in the panel and then two GFCIs on the first two receptacles that need
GFCI protection? From there you can feed downstream outlets just like
with any other GFCIs. Just because you don't understand it, doesn't make
it a CF.
On Tue, 26 May 2015 17:07:08 -0400, "Robert Green"
Why would I need a 2 pole GFCI breaker when I can use 2 GFCI devices
at the far end? They have also loosened the rules on AFCIs and allow
the device type under some circumstances.
I expect the restrictions to be completely gone in 2017.
You are still ignoring the voltage drop issue and in a world with ever
increasing energy costs, it may be a bigger issue than wire. Even so a
roll of 12-3 is less than twice the cost of 12-2, particularly at a
real electrical supply house that does not have promotional prices on
I just looked at HD and 12-2 is $68, 12-3 is $117. The difference will
be less at a real supply house
I also pointed out you only need a 2 pole standard breaker (or a
handle tie kit). The GFCI can be at the far end.
Why? Most people think it is better to have the GFCI near the load so
you can more easily identify and reset it.
Perhaps you should put the numbers in a V/D calculator, even at a
modest 50-60 feet and plot it out over 50 years (the typical design
number for electrical installations)
The NEC is not an instructional manual for unqualified people. If the
concept of a MWC baffles harry homeowner, he should leave the covers
CMP 2 and CMP 5 will laugh that out of the building. NFPA does not
cater to the unqualified. The new emphasis seems to be more toward
energy conservation than making the world safe for DIY guys.
In fact I am not sure I have ever seen that even get to the proposal
The voltage drop issue is I2R losses.
If you are out at 60 feet, not that far, even in a pretty small house,
with 2 circuits pulling 10a each, the combined voltage drop in the
neutrals is 2.3v. In a MWC that is zero. That is 23 watts wasted. (>1%
of the power used)
There are even people promoting going up a size on all branch circuits
to save energy and they come up with the same kind of calculations.
How is that different than loosing the line neutral (which,
statistically is much more likely) Then EVERY circuit in the panel
will have extra high voltage on the lower load side, and low voltage
on the heavily loaded side/
On Saturday, May 23, 2015 at 7:04:47 PM UTC-4, firstname.lastname@example.org wrote:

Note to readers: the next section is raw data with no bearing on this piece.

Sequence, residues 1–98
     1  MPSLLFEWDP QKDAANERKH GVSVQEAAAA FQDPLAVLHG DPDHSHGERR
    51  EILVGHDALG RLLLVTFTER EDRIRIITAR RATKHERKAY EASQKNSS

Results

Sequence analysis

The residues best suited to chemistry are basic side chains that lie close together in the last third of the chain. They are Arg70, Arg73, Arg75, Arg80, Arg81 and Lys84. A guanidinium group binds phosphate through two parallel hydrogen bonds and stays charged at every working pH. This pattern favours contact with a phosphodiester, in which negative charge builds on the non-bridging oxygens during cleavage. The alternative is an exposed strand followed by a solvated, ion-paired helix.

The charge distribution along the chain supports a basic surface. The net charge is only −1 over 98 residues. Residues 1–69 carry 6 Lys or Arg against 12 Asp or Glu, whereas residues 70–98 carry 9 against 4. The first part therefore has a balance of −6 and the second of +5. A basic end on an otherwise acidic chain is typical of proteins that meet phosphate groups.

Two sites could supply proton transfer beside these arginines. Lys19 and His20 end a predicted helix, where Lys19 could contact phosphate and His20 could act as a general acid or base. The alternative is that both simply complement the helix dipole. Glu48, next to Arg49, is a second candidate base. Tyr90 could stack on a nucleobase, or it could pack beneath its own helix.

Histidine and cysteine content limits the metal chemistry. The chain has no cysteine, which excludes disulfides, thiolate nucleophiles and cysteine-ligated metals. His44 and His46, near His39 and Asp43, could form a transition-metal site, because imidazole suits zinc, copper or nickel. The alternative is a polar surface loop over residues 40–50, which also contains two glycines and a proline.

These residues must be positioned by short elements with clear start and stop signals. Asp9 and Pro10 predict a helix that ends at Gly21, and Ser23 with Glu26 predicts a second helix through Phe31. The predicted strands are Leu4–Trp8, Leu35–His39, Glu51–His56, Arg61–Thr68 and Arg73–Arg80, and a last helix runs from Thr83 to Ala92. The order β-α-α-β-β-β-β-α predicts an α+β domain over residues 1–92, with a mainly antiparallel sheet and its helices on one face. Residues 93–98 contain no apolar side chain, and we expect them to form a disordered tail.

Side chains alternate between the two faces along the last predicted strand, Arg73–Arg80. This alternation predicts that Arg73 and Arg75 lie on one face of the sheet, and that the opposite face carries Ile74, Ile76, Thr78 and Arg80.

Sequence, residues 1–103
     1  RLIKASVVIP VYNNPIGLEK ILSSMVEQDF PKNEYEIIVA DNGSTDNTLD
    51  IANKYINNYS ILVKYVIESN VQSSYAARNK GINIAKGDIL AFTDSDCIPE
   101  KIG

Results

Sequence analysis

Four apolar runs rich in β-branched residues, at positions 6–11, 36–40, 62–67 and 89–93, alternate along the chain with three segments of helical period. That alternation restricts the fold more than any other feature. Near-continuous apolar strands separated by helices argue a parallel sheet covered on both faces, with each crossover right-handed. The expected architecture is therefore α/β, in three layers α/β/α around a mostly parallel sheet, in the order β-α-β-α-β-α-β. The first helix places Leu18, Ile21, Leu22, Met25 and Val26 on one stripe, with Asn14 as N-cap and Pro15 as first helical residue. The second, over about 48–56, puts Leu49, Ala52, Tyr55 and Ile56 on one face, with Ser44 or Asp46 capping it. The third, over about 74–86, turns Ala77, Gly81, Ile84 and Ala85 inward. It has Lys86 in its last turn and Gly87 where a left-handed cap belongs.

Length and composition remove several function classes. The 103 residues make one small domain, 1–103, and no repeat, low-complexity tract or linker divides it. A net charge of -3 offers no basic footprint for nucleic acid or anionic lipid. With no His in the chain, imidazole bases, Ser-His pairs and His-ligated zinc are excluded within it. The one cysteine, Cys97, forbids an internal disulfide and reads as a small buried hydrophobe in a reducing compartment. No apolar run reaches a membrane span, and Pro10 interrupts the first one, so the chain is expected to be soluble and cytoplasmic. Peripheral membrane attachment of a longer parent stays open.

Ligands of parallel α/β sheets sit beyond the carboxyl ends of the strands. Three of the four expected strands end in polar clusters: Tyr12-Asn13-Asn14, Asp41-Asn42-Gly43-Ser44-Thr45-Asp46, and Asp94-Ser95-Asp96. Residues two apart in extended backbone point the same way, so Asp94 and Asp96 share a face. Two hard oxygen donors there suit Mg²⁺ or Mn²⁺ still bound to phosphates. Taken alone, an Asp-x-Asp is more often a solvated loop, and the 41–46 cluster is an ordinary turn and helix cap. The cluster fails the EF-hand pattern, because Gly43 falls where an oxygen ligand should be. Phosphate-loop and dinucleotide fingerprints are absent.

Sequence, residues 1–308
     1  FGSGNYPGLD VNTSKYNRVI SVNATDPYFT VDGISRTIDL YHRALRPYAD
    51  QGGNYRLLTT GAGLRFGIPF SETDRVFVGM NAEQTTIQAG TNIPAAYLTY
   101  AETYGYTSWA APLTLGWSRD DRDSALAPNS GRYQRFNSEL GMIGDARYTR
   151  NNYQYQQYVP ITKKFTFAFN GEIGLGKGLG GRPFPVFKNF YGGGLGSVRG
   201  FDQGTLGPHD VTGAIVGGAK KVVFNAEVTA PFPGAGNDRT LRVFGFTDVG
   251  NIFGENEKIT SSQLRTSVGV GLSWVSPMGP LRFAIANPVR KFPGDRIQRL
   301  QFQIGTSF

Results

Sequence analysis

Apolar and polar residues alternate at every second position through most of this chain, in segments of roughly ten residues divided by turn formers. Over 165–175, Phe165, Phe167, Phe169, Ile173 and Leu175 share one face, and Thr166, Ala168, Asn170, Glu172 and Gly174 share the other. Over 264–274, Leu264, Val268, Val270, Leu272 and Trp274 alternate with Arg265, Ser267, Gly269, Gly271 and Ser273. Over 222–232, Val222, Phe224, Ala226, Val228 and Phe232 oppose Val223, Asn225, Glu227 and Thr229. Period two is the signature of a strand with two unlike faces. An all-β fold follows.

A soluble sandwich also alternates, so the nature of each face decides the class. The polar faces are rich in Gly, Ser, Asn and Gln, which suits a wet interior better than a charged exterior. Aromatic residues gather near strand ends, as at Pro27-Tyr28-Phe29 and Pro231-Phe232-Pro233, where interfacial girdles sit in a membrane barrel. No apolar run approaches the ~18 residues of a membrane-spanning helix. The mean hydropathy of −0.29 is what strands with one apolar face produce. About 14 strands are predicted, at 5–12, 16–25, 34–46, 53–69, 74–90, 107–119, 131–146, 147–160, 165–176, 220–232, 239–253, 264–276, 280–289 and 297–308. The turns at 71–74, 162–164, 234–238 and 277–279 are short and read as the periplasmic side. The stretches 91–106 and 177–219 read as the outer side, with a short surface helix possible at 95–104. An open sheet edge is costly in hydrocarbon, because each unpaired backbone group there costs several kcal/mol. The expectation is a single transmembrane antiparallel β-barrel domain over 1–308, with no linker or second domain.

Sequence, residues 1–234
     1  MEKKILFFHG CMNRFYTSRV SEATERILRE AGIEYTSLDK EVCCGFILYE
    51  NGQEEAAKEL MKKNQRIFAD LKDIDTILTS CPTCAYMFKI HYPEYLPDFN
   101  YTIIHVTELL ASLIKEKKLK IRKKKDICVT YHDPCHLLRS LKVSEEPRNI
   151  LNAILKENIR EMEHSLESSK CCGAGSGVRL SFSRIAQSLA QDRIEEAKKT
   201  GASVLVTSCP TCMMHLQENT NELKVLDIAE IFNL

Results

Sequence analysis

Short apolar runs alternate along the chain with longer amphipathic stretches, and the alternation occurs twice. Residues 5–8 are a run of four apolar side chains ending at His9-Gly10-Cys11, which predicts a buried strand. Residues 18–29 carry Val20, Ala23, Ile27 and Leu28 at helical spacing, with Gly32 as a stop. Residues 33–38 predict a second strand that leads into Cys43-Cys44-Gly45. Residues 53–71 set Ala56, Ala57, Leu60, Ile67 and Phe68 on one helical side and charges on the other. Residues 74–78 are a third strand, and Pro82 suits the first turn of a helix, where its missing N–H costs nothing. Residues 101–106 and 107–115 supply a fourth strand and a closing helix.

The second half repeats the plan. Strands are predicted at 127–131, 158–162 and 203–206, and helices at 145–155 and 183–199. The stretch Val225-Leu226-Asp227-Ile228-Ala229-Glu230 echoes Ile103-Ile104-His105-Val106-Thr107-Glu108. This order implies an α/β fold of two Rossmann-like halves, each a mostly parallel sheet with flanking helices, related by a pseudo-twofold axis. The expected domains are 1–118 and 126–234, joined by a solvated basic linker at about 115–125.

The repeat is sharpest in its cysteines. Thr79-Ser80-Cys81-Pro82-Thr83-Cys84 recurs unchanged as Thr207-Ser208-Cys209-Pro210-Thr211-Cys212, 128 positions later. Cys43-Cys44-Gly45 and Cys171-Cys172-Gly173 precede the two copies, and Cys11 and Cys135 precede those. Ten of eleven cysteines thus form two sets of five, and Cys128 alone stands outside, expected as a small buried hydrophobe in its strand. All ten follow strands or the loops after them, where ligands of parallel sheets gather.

I guess the argument can be made that the less points of
potential failure like that, the better. And if it's the
service netural that goes open, it's probably less
likely that you'd have a
big imbalance because for a whole house, there would be many
loads on each leg, tending to average things out.
So, I think the possibility that you'd
see close to 240V appear on one leg would be a lot less.
On 05/23/2015 07:04 PM, email@example.com wrote:
Losing the neutral in *my* entrance panel is extremely unlikely. I actually check my panel and meter pan connection every 5 years. Of course the poco neutral is tagged to ground
at my panel as well.
> Then EVERY circuit in the panel
I have lost the power company's neutral TWICE in the past year and a half.
Once it just broke in the middle of the span from the pole to the house, and
once it broke right at the pole mounted transformer. the first time I had
no damage, the second time (when I was not even at home with anything on but
maybe a couple security lights) I had a couple of blown GFCI outlets - and I
mean BLOWN. Fire! Luckily the wallboard was not flammable, but there were
scorch marks, even on the kitchen cabinets. Utility paid off quickly, but
it didn't amount to much (maybe I should have put in for a new TV?)
How will that help? Do you really think the ground ROD does anything?
The only time the ground electrode will actually help with an open
utility neutral is if it is a metal water pipe, connected to metal
utility water pipe systems.
Even a Ufer, the best of all ground electrodes, is not going to sink
much neutral current in most places.
On Sunday, May 24, 2015 at 12:22:30 PM UTC-4, firstname.lastname@example.org wrote:
That has always seemed highly likely to be true to me, but I've not heard anyone agree.
A Ufer will always get you a favorable resistance measurement, but I've always had some skepticism about whether that translated into current sunk.